Decked out in their Millionaires gear, the Vancouver Canucks on Sunday were supposed to be evocative of the last team to bring the Stanley Cup to the city a little over 99 years ago. It didn’t happen. With a completely avoidable goaltending controversy overshadowing everything (including, amazingly, their own marquee event), the Canucks had less in common with their century-old forerunners than they did last year’s team.
Honestly, it was incredible. This was a once-in-a-lifetime event, and I couldn’t shake the feeling that I’d seen this all before. There was a glitch in the Matrix when I watched this game.
Canucks 2 – 4 Senators
- As you may have heard, Eddie Lack got the start in this game, a decision that kicked off a completely avoidable goaltending controversy and wound up overshadowing the whole event. You could tell the fans weren’t impressed with the decision when Lack led the team down the tunnel to a chorus of Luus and boos. Although they may have been saying “Loo-ack, Loo-ack”. At least one guy was.
- Seriously, you know you’ve screwed things up royally when the fans are booing the ridiculously likeable Eddie Lack. He’s so likeable! He’s the Greg Kinnear of goaltenders.
- The Canucks struck first in this one, like Han Solo in the original, and true, version of George Lucas’s Star Wars. The goal came courtesy of Jason Garrison, who beat Craig Anderson with a high slapshot on an early first-period powerplay. In Anderson’s defence, he didn’t see it, and as an atheistic goaltender, that made it difficult for him to stop it, since he didn’t believe in it.
- Zack Kassian made it 2-0 not long after, getting loose in the slot and sliding one fivehole on Craig Anderson. At this point, you had to wonder if Rogers Arena was to blame for all the Canucks’ scoring troubles. Had fans decided to go burn it down, I would have been fully supportive. After all, that’s what happened to Denman Arena, where the Millionaires won the Cup. Torching Rogers Arena would have been a fittingly Vancouvery tribute to several local histories.
- Unfortunately, any talk of gleeful arson was shelved when the wheels fell off the Canucks’ wagon. That began at the 15:15 mark when Lack was beaten on a knuckler from Clarke MacArthur that deflected in off Kevin Bieksa’s glove. Tough to blame Lack for that one — unless giving him the start was the most controversial decision all season. Then it’s easy to blame him.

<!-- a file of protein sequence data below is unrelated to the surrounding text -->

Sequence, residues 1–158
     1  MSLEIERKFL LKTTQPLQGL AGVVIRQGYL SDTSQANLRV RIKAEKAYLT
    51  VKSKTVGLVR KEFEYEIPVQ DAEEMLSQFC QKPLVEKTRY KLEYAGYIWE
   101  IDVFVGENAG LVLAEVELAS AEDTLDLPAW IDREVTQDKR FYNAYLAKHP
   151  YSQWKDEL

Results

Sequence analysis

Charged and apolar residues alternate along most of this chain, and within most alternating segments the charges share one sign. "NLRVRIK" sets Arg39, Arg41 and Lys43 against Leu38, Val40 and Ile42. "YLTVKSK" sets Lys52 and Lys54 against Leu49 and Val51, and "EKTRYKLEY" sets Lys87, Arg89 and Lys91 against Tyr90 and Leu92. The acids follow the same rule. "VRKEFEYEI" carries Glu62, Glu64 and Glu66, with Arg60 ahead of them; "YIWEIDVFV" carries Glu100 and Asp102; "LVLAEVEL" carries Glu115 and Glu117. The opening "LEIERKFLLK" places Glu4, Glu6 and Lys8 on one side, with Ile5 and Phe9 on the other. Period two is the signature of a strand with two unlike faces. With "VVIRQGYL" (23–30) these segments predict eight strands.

- That was the moment the Canucks lost control of this game, and that observation is supported by this shot chart. As soon as the Senators cut the lead in half, things changed. Why? My theory is that it’s been so long since the Canucks have had a two-goal lead, they didn’t know what to do with it. It’s been as elusive as true love for this club. That in mind, you can understand why they decided to treat it like love and took Reba McEntire’s advice. After all, love isn’t love until you give it away.
- In this, they were efficient. Less than two minutes later, Erik Karlsson tied it up, throwing a wrister towards the goal that somehow managed to slide between Lack and the far post. With that, the murmurs began to turn into jeers, and when the Senators went up 3-2 in the second, the fans launched into a full-throated chant of “We want Lu!” It’s possible they wanted Luongo in net so they could blame him for the loss. This whole “blame the backup” thing is foreign to all of us.
- Although it’s possible they were actually chanting “We want Lou!” and didn’t agree that Tegan & Sara were the right intermission choice, especially when that sparkplug Lou Bega is so, so available. #FreeLouBega
- Amazingly, only seconds after the crowd erupted into this chant, the Canucks announced that Pat Quinn would be the next inductee to the Ring of Honour. I’m sure it was just a coincidence, but it reeked of a distraction tactic. “The fans are irate! We have to do something!” “We’ve been sitting on this Pat Quinn announcement for just such a time as this! Initiate sequence!”
- The Canucks didn’t just lose this game. To add injury to insult, they lost Daniel Sedin in the second period when he went awkwardly into the boards in the Ottawa end. After laying on the ice for several seconds, he struggled to the bench, then left the game for good. He could be out awhile. I’d say the Canucks are really going to miss his scoring, but this season, that’s not even true. This is the worst season ever. Worse than Season of the Witch, which was just terrible.
- It rained in Vancouver, which nobody could have foreseen. You sort of assume when you schedule a March outdoor game in the dust bowl that is the Pacific Northwest, the rain’s going to stay away.
- Positives: Chris Tanev and Alex Edler had a really great game together. They made smart plays, they moved the puck well, and when they were on the ice, the puck was in the Ottawa end almost exclusively. They were the lone Canuck defence pairing to finish with a positive Corsi rating. Unfortunately, they couldn’t play all 60 minutes, and when they came off the ice, the Canucks were hemmed in their end like a pair of pants salvaged after an ill-conceived drop to center splits.
- Asked if it would have been nicer to have the roof open, Jason Garrison responded, “It would have been nicer if we won the game.” He has a point. But still, there’s nothing quite like losing with the top down. For one thing, all our prayers for the Canucks to get the game-tying goal kept bouncing off the ceiling. Lots of people were injured by falling prayers. It was a grisly scene.